Nanyang Technological University in Singapore (NTU Singapore) has invented a unique biomarker with two exceptional functions.
First, it lights up when it detects tumour cells to allow scientists to take a better look. And it can also release anti-cancer drugs at the same time to the specific cells.
This new biomarker, which has immense potential for drug development, is made from a nanophosphor particle, ten thousand times smaller than a grain of sand.
NTU Singapore associate professors Zhang Qichun and Joachim Loo have found a way to make the nanoparticle light up when it is activated by near-infrared light emitted by an imaging device and only if tumour cells release small signalling molecules.
Prof Zhang said the use of near-infrared light, which is invisible to the human eye, is unique as most imaging techniques use ultraviolet light or visible light.
"Near-infrared light can penetrate 3 to 4 cm beyond the skin to deep tissue, much deeper than visible light. It also does not cause any damage to healthy cells, unlike ultraviolet or visible light," added Prof Zhang, a materials expert.
"Visible light also causes photo bleaching, which is the destruction of the fluorescence dye that reduces the amount of time doctors and scientists have to image a tissue sample. Our new biomarker has effectively eliminated such key limitations which exist in existing biological markers."
The breakthrough has resulted in two papers published in Small, one of the world's top scientific journals for material science and nanotechnology.
Prof Loo said their new biomarker can also release anti-cancer drugs by creating a layer of coating loaded with drugs on the outside of the nanoparticle. The drugs are released when the biomarker lights up in response to the near-infrared light.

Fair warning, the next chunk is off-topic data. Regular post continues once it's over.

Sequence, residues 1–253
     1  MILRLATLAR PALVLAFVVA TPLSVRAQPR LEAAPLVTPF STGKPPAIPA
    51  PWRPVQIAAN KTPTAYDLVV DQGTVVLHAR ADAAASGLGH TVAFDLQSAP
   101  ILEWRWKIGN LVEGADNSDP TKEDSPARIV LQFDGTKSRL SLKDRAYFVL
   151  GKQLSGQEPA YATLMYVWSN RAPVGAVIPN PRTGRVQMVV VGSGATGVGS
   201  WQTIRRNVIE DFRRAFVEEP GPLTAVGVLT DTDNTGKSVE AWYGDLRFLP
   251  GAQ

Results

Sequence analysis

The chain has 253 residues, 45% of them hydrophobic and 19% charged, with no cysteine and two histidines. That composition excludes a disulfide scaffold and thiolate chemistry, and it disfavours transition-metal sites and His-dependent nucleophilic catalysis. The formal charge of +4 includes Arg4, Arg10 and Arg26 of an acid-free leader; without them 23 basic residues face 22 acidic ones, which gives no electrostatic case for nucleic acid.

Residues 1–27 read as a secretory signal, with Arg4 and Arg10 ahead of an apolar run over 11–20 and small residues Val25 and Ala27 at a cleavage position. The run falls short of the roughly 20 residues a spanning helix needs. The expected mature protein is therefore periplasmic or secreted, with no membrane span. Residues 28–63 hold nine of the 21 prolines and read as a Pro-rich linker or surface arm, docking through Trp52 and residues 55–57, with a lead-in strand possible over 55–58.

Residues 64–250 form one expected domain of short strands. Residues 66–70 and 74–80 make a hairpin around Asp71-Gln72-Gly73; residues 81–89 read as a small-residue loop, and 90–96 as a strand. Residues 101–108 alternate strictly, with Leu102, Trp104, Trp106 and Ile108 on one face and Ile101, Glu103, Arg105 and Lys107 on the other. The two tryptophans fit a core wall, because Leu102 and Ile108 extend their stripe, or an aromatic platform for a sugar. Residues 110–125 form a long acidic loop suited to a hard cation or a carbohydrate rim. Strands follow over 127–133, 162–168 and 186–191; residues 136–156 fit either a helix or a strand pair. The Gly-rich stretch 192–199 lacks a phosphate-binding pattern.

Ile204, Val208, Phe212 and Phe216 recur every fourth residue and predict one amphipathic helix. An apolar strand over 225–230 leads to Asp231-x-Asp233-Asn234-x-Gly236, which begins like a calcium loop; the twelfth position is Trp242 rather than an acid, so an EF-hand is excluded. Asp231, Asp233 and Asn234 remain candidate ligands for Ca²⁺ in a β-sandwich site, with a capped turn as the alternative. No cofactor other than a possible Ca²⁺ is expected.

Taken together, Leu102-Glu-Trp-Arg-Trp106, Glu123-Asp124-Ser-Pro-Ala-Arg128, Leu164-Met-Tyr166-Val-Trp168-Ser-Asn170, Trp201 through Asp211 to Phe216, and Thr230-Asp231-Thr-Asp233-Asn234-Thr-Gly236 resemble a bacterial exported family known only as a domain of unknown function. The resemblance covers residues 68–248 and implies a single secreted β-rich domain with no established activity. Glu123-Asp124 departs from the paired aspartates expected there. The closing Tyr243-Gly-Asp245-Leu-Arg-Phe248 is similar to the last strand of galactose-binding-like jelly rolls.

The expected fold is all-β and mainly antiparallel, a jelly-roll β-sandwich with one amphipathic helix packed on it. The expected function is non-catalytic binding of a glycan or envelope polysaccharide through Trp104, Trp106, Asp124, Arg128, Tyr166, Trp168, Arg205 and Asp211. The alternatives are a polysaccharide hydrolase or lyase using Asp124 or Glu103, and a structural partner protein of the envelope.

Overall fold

"This is the first time we are able to do bio-imaging, and potentially target the delivery of drugs at the same time, as proven in small animal tests," said Prof Loo, a nanotechnology and bioimaging expert. "Our breakthrough will open up new doors in the various fields of nanomedicine, bioimaging and cancer therapeutics."
The new biomarker also has other advantages. It has twice the contrast of conventional dyes and is able to emit up to three different colours of light. This means that it allows for better differentiation between healthy cells and tumour cells.
Unlike other new biomarkers used for imaging such as quantum dots, the NTU biomarker has also been shown to be non-toxic, staying in the body for up to two days before it is passed out harmlessly.
Moving forward, the team from NTU's School of Materials Science and Engineering will be looking to load multiple layers of drugs into their biomarker. If successful, doctors will be able to release sequentially two or more drugs through the biomarker. This will benefit cancer patients as there will be fewer side effects due to the small doses administered and also higher efficacy as the biomarker has the ability to accurately target tumour cells.